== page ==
There was a hand cranked adding machine in each room, but we were not allowed to use them for the first year of articles. An electric one existed in one of the basement rooms, but God forbid you got caught using it. I remember being proud of successfully completing one of my first sets of accounts and presenting it to the partner, who said, “Oh, we do not want so much profit” – and much to my dismay he simply adjusted the stock number to reduce it!

"I don't regret anything in my career and never felt I was held back. Most importantly, I enjoyed it."

Judith Mary Craig

Judith Mary Craig letter

Judith Mary Craig letter part 3

"They gave their secretaries chocolates for Christmas so they gave the women trainees the same. The married men got turkeys."

Anne Vernon (qualified in 1976)

I started training in 1973 just as equal pay and rights legislation was coming in. We were paid the same as the men and I think treated equally although it was all very new and they were clearly trying hard. It was a smallish practice and there were not many women and no women seniors when I started. I did stay and become an assistant manager. They gave their secretaries chocolates for Christmas so they gave the women trainees the same. The married men got turkeys. Eventually the single men complained and they stopped the chocolates.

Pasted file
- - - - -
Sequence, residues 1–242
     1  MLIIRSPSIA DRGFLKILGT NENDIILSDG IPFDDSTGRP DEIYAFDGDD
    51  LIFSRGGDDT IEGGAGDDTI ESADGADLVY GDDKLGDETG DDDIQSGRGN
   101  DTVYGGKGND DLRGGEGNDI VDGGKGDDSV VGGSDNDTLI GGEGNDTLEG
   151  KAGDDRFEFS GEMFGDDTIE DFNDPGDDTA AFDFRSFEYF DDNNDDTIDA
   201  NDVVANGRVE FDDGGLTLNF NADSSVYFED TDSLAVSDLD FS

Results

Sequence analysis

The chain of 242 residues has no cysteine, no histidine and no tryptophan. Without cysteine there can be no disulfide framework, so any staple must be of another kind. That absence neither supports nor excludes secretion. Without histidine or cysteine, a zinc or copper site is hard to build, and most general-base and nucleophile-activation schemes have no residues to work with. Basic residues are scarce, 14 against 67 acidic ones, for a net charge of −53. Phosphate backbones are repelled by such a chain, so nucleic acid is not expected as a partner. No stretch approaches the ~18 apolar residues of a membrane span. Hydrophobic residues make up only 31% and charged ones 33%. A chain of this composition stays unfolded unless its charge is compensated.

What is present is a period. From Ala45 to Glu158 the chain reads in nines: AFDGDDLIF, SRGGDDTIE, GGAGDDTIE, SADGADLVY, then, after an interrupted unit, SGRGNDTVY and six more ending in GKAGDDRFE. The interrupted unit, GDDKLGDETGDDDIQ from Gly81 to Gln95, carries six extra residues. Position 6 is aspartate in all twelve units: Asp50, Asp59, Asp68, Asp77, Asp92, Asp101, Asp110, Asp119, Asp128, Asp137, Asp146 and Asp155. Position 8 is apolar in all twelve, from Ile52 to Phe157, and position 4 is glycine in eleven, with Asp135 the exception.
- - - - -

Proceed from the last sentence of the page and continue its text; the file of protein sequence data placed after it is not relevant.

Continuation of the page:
We could wear trousers except at clients' premises if a client had a dress code.

I have a fond memory of going to a farm client where we were working in a freezing office off a threshing barn. I arrived part way through the week and wasn’t there at the start. Part way through the morning the owner came in said “you must be cold my dear” and produced an ancient electric fire. After he went out the male senior said that he had frozen for three days but I got the fire. We both laughed and benefited from the slightly raised temperature.